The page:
Cardello, now 54, and English, 52, had their first commitment ceremony back in 1993, before same-sex marriage was legally recognized anywhere in the U.S. The couple was then legally married in Massachusetts in 2008, and when same-sex marriage was recognized federally in 2015, they tied the knot that year in their home state of Florida.

“The youth needs to see that it is possible to find a loving partner, and that the relationship can last.

“A loving partner can be a difficult thing to find, once you do you must protect it and nurture it,” he said.

“We feel it’s important to represent,” Cardello said. “We also participate to show gratitude to all those who came before us and paved the way for the rights we have today.”

Tuesday, June 20, 2017

Seattle professional sports teams to support LGBT equality

Seattle Sounders FC held, in conjunction with its fellow Seattle professional sports teams and national nonprofit Athlete Ally, a coordinated commitment to supporting and celebrating LGBT equality ahead of team Pride Month activities. The efforts mark an unprecedented partnership between a city's professional sports teams as they join in a cooperative endeavor to stand in solidarity with the lesbian, gay, bisexual, trans and other lgbt community.




The Seattle Sounders joined fellow local professional sports teams — the NWSL's Reign, MLB's Mariners, NFL's Seahawks and WNBA's Storm — on Tuesday for a joint press conference to support LGBT equality.

The five franchises partnered with Athlete Ally, a national nonprofit committed to supporting LGBT equality in sports. Representatives from each team composed a panel that consisted of Athlete Ally founder Hudson Taylor and pro ambassador Mary Harvey, Mariners owner and CEO John Stanton, Storm owner Ginny Gilder, Sounders owner Adrian Hanauer, Seahawks General Counsel and Vice President of Government Affairs Ed Goines, Sounders defender Brad Evans and Reign forward Megan Rapinoe.

One of the largest obstacles facing closeted athletes around the world is the fear, and often potential danger, of coming out. For Evans, he takes it upon himself to make sure the Sounders locker room is as safe a space it can be and to also be an advocate for lesbian girls, gay boys, bisexual people in every capacity he can.

“I do feel obligated [to act] in all the right ways,” Evans said. “I feel like I have a duty to do what I think is right…I grew up in a household that was extremely inclusive. Everybody was always at our house, it was part of why I love being part of a team.”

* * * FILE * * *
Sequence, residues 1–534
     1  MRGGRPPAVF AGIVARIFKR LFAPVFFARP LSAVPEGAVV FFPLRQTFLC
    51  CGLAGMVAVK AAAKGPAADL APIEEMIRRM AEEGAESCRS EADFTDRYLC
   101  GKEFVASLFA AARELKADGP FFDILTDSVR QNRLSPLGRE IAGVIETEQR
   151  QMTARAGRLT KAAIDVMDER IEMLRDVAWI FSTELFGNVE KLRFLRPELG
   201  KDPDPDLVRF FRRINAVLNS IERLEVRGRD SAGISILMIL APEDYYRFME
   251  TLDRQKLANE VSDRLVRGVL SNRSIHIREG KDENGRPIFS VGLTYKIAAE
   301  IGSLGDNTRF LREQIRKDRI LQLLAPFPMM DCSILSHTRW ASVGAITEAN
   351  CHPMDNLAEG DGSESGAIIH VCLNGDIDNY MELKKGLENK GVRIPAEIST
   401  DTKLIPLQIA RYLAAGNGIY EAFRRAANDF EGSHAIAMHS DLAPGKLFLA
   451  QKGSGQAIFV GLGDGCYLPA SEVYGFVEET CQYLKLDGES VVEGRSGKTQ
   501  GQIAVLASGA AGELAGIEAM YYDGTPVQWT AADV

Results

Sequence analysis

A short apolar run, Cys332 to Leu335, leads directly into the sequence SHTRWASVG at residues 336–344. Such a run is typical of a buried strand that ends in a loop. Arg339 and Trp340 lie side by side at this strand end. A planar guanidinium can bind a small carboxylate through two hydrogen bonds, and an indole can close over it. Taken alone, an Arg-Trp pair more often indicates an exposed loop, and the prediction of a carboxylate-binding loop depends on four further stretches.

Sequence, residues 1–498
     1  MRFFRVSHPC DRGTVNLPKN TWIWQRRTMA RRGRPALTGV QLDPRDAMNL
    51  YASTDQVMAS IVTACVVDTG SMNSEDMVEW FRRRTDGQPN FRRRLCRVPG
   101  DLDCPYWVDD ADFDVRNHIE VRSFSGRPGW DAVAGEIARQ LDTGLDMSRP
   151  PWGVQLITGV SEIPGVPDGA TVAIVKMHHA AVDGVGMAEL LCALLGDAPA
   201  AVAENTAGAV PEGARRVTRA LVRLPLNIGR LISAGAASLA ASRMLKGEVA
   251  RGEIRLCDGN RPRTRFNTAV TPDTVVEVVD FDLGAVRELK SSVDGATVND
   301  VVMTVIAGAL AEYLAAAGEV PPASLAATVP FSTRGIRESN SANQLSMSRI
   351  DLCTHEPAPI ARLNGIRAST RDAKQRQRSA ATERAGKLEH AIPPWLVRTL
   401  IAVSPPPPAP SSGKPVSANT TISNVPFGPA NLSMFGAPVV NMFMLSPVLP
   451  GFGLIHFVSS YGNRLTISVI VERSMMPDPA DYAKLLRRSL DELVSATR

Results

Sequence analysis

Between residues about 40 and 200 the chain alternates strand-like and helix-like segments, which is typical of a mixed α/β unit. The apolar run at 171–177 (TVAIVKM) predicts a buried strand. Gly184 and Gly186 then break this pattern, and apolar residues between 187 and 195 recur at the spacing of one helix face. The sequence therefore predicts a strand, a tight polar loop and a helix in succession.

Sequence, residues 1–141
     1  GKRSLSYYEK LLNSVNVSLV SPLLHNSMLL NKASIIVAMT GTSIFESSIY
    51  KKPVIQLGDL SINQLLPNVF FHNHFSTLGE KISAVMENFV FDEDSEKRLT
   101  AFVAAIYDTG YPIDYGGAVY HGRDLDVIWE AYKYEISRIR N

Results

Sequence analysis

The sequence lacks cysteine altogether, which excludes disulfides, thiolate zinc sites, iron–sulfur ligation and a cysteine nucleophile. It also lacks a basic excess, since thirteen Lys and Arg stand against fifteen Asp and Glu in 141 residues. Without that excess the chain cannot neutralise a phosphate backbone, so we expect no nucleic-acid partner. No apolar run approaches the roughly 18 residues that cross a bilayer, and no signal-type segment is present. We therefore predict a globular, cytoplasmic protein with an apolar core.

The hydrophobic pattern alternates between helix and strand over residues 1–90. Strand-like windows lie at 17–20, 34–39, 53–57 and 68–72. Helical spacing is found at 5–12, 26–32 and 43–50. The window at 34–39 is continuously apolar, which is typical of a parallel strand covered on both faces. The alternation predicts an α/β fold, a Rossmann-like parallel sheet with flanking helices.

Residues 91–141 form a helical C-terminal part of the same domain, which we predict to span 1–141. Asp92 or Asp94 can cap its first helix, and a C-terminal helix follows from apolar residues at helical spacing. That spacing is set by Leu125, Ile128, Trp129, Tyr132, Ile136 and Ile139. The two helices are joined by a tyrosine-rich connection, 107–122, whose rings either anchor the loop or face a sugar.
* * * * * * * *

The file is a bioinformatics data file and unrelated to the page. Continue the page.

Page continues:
Monday, June 19, 2017

LGBT PRIDE MONTH

Lesbian, Gay, Bisexual, and Transgender Pride Month is celebrated every June in honor of the raid on the Stonewall Inn in Greenwich Village on June 28, 1969. The first gay pride march was held in 1970 in Chicago, and since, pride celebrations have cropped up across the world. But this year, in light of the Trump administration’s attacks on not only the LGBTQ community, but minority groups across the country, pride parades have taken on a theme of resistance.





Recently, London Pride came under fire for not including bisexual groups in their parade this year. They later retracted their decision, but including bisexual people at Pride has been a long-time struggle.

“I was in charge of a bi stall at Pride once when someone came up and told me she didn't believe in bisexuality,” says Libby Baxter-Williams, editor of the UK bisexual magazine Biscuit, to Curve. “She was wearing a t-shirt that said 'Don't tell me who I can love'.”

Last weekend's pride parade in Los Angeles was renamed the “Resist March,” and in Washington, D.C., supporters of gay rights in the nation’s capital had an Equality March. During Trump's campaign for president, he promised to be a “friend” of the LGBTQ community, but after taking office things have changed. His administration revoked protections for transgender students and he is considering a “religious liberty” executive order that would legalize LGBTQ discrimination.

“Bi people stand out in the history of the LGBT movement for our bravery, and for stubbornly going out on a limb to save lives, no matter the consequence,” prominent bisexual activist Faith Cheltenham writes in the South Florida Gay News. “Whether its bisexual politico Emily Dievendorf launching a petition to boycott Mitchfest's transgender exclusionary practices in 2014 or bi icon Dr. David Lourea creating safe sex workshops for gay and bisexual men facing an AIDS epidemic in 1984, bisexuals don't hide from the work.”